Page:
Birds are important intermediated hosts of Toxoplasma gondii. Consumption of chicken meat and its infected products is one of the main sources of human infection with T. gondii. However, little information is available about T. gondii infection in egg. In this study, the contamination of industrial and local eggs with Toxoplasma was investigated by PCR method targeting the RE gene in two tropical cities of Iran. Genotypes of T. gondii were determined by PCR‐RFLP method targeting the SAG3 gene. T. gondii DNA was detected in 11% (22/200) of the eggs. Genotyping of 14 T. gondii isolates revealed that all of the isolates were belonged to genotype III of T. gondii. Sequencing of the isolates by the SAG3 gene showed 95%–100% similarity with the T. gondii isolates in GenBank.
The findings of this study suggested that consumption of raw or undercooked eggs might play a role in human infection with Toxoplasma. Hence, consumption of adequately cooked eggs should be considered for prevention of human toxoplasmosis.
Posted in food contamination, Food Hygiene, Food Inspections, Food Micro Blog, Food Microbiology, Food Microbiology Blog, Food Safety, Food Testing, Parasite, Research, Toxoplasma gondii, Toxoplasmosis, Uncategorized
Journal of Food Protection
A sampling method that represents a greater proportion of the beef trimmings in a 900-kg combo bin should improve the current pathogen sampling and detection programs used by fresh beef processors. This study compared two novel, nondestructive sampling methodologies (a continuous sampling device [CSD] and a manual sampling device [MSD]) with the current industry methodologies, the N60 Excision (the “gold standard”) and N60 Plus, for collection of trim samples. Depending on the experiment, samples were analyzed for naturally occurring Escherichia coli O157:H7 or Salmonella, inoculated surrogates, or indicator organisms in multiple plants, on multiple days, across multiple lean percentage mixtures. Experiments 1A and 1B with natural contamination found no E. coli O157:H7 but similar (P > 0.05) prevalence of Salmonella (CSD 9.2% versus N60 Excision 6.0%) and similar (P > 0.05) levels of indicator organisms for CSD compared with both N60 methodologies. In experiments 2 and 3, CSD cloth sampling had the same or higher prevalence of naturally occurring E. coli O157:H7 and E. coli O157:H7 surrogate organisms, as well as similar levels of indicator organisms compared with the N60 methodologies. In experiment 4, MSD cloth sampling detected similar (P > 0.05) prevalence of E. coli O157:H7 surrogate organisms, as well as slightly lower (P < 0.05) levels of indicator organisms compared with N60 Plus. In experiment 5, the MSD found similar (P > 0.05) prevalence of naturally occurring E. coli O157:H7 and the same or slightly higher (P < 0.05) levels of naturally occurring indicator organisms compared with N60 Plus. In experiment 6, the MSD detected the same (P > 0.05) prevalence of naturally occurring Salmonella as did N60 Excision. The results of these experiments collectively demonstrate that sampling beef trim using either the CSD or MSD provides organism recovery that is similar to or better than the N60 Excision or the N60 Plus methodologies.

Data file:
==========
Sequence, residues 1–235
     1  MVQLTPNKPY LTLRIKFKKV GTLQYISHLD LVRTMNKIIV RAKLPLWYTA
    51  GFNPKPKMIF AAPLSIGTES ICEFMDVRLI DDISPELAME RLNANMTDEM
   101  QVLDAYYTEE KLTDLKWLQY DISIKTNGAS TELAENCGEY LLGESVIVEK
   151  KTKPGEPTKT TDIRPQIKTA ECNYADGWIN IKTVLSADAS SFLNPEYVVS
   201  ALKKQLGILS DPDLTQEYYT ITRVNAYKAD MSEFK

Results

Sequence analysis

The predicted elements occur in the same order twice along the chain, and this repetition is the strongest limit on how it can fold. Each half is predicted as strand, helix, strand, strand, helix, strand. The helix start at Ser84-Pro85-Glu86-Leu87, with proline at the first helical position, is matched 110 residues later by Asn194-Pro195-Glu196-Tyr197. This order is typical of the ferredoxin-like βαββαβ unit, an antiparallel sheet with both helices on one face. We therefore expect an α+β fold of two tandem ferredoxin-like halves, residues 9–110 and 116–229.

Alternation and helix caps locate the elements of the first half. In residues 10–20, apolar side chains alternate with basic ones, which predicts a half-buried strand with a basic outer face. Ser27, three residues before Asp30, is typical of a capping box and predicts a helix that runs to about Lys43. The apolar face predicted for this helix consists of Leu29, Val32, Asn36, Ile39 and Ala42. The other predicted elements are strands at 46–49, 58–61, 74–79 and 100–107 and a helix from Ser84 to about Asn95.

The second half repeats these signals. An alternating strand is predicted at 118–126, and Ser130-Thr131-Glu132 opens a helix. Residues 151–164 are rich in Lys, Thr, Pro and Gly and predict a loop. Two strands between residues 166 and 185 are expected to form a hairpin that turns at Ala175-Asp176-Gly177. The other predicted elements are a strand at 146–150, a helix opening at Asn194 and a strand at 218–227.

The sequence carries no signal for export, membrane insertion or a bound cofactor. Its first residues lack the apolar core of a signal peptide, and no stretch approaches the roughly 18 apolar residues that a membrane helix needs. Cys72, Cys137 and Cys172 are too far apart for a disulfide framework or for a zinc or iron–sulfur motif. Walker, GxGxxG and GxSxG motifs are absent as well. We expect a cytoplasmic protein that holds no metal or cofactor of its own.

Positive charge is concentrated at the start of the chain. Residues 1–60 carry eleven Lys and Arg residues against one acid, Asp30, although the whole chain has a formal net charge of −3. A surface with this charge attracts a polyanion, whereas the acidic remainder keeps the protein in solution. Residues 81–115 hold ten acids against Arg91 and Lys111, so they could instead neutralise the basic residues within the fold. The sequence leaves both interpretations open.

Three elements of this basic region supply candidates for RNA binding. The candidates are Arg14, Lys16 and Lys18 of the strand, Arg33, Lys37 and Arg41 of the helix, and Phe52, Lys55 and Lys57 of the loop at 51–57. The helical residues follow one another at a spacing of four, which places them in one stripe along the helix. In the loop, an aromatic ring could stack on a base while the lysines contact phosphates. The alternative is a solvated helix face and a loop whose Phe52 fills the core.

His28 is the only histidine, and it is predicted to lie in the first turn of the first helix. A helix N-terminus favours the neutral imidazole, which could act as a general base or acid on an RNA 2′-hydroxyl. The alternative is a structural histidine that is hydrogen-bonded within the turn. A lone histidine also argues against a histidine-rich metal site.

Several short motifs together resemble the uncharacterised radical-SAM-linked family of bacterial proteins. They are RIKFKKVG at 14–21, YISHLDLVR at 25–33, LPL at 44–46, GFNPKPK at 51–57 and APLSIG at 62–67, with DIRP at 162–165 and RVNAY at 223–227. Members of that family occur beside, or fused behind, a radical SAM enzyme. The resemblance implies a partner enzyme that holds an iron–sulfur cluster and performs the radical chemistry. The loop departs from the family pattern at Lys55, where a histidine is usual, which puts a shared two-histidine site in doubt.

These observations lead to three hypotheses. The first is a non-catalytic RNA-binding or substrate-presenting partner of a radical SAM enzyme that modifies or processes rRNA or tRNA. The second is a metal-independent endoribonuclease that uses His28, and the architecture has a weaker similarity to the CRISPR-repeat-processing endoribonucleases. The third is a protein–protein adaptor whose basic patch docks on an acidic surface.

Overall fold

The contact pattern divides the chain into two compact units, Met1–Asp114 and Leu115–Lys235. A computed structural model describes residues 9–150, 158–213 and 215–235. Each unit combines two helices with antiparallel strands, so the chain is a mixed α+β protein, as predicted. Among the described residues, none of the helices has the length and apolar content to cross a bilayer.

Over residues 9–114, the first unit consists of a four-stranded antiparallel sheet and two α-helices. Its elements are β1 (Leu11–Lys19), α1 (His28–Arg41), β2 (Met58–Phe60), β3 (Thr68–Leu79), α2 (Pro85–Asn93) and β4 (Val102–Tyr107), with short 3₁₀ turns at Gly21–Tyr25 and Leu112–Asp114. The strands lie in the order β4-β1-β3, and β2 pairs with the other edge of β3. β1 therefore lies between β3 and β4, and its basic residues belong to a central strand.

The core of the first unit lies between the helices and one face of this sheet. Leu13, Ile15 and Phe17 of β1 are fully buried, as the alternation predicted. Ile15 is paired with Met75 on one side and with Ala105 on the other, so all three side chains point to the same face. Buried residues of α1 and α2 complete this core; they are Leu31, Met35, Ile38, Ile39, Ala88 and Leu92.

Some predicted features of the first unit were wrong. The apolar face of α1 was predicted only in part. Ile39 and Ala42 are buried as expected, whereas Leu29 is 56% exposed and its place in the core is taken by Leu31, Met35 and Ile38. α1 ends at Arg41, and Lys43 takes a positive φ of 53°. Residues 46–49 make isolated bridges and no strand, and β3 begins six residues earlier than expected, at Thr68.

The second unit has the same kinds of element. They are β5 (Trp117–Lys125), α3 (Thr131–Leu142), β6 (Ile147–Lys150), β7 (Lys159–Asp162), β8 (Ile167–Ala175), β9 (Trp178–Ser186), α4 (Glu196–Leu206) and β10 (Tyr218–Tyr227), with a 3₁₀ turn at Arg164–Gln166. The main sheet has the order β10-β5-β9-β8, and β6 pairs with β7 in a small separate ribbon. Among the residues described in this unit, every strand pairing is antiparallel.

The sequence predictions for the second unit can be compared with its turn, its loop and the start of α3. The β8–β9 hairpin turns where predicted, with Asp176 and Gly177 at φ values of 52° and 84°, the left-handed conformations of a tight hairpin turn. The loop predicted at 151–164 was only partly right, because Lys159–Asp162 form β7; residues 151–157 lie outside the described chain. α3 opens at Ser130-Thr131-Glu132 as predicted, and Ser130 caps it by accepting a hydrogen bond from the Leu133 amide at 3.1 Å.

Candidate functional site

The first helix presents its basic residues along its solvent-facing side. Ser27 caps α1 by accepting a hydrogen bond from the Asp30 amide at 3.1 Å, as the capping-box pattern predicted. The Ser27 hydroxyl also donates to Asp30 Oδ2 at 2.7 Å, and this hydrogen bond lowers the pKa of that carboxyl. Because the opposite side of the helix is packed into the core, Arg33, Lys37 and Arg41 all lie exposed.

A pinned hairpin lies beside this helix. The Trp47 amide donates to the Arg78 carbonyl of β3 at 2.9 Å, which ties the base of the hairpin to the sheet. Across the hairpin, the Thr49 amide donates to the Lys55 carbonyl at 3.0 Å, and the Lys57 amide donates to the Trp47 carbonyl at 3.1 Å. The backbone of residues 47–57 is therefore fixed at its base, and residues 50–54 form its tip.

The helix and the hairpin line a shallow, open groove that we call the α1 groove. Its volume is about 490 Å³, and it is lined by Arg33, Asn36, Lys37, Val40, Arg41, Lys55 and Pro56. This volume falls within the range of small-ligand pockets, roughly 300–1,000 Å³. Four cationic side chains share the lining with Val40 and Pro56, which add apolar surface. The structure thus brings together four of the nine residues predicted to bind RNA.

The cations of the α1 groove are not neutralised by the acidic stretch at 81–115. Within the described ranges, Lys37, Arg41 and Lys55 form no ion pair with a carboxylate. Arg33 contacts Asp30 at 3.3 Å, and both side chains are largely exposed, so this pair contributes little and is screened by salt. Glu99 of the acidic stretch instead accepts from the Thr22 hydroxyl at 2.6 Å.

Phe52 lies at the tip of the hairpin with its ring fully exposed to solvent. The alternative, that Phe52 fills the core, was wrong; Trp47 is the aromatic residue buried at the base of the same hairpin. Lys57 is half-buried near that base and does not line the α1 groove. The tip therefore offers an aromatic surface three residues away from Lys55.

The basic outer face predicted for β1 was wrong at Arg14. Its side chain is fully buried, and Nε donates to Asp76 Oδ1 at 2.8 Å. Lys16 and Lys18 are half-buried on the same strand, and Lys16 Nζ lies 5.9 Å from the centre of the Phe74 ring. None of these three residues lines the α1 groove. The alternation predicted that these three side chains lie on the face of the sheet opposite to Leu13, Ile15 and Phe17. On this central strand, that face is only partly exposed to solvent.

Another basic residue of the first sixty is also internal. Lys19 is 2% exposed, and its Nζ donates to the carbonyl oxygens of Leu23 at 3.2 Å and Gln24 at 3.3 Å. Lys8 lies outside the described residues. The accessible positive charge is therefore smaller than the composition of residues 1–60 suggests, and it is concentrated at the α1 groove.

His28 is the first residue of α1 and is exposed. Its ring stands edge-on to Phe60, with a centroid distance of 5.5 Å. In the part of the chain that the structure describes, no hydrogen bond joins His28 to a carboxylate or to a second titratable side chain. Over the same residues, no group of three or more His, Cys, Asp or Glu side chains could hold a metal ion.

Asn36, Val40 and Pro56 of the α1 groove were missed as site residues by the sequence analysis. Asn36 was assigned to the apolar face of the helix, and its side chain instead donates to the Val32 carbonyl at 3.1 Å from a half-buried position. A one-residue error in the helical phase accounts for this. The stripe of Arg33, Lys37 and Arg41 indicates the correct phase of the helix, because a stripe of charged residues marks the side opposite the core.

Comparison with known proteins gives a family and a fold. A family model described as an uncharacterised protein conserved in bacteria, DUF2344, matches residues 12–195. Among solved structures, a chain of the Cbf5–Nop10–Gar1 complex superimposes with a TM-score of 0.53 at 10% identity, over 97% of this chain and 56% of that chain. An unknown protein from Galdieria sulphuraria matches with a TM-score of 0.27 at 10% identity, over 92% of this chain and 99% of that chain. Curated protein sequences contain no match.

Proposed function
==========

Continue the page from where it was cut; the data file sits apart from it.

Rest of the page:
We have today published the results of a survey we commissioned to assess the amount of antimicrobial resistance (AMR) in bacteria in fresh pork mince and fresh and frozen chicken on sale in shops in the UK. These findings will help to establish a baseline of the occurrence, types and levels of AMR in bacteria found in these UK retail meats which will inform future surveillance on AMR in these foods.
This survey follows on from an authoritative report by a group established by the Advisory Committee on Microbiological Safety of Food (ACMSF) to advise us on research questions and potential approaches to AMR in the food chain.
The survey involved the testing of Campylobacter in chicken samples and Salmonella in pork mince samples for the occurrence of antimicrobial resistant bacteria. The survey also looked for AMR in other bacteria in both types of meat including Enterococci, Klebsiella and Escherichia coli. Read the final report of the survey.